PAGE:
In 2013 the European Academies Science Advisory Council (EASAC) asked the European Union to allow the development of GM technologies and their application in agriculture. This would be more sustainable agriculture, because land, water and nutrient resources would be used more sparingly. EASAC also criticizes the "a timeconsuming and expensive regulatory framework in the EU" and says that EU has fallen behind in the adoption of GM technologies.
Genetically modified crops play a key role in intensive crop farming, which involves monoculture, use of herbicides and pesticides, use of equipment that requires large amounts of fossil fuels, and irrigation. Opponents of modified food, like Jonathan Latham of the Bioscience Research Center and Vandana Shiva, often treat industrial agriculture and modified crops as closely related topics, and call for an agriculture that works with the environment instead of controlling it.:527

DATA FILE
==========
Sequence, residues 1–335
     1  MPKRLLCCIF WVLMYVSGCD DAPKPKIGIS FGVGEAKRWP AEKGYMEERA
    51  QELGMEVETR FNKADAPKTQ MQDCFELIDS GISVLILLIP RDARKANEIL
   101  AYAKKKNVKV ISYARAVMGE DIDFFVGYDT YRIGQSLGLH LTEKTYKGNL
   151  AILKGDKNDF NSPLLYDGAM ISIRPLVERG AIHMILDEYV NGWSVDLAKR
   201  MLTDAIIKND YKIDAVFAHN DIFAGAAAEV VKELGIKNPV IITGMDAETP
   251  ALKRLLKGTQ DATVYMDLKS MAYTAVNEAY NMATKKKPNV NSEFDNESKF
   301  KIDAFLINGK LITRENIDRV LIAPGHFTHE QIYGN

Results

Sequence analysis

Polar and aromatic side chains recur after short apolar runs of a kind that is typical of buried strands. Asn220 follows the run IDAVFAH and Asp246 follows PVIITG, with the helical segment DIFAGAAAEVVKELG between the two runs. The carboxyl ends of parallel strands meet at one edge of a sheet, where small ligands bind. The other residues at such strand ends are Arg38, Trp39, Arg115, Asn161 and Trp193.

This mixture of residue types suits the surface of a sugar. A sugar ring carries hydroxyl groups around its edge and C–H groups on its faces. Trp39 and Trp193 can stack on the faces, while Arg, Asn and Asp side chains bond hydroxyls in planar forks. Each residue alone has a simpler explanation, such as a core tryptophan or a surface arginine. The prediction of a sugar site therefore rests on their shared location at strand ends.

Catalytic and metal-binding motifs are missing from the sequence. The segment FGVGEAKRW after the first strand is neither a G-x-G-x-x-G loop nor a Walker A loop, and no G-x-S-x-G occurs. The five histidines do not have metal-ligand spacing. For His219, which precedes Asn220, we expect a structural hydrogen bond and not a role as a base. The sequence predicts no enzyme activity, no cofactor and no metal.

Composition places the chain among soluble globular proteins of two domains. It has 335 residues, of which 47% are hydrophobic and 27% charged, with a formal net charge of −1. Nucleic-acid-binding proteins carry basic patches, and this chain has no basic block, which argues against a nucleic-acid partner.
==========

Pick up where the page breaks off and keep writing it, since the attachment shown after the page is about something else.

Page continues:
Proponents of modern agriculture, including genetic modification, point to the low prices and wide array of choices the system has produced and claim that technology must be applied to agriculture if a growing world population is to be fed.
The effect that genetically modified food may have on developing nations is debated. There is agreement that there is a food supply issue, although there is disagreement on the best ways to solve this. Some scientists suggest that a second Green Revolution with increased use of modified crops is needed to meet the demand for food in the developing world.:12 Others say that there is more than enough food in the world and that the hunger crisis is caused by problems in food distribution and politics, not production. The potential for genetically modified food to help impoverished nations was recognised by the International Assessment of Agricultural Science and Technology for Development, but as of 2008 they found no conclusive evidence that they have offered a solution.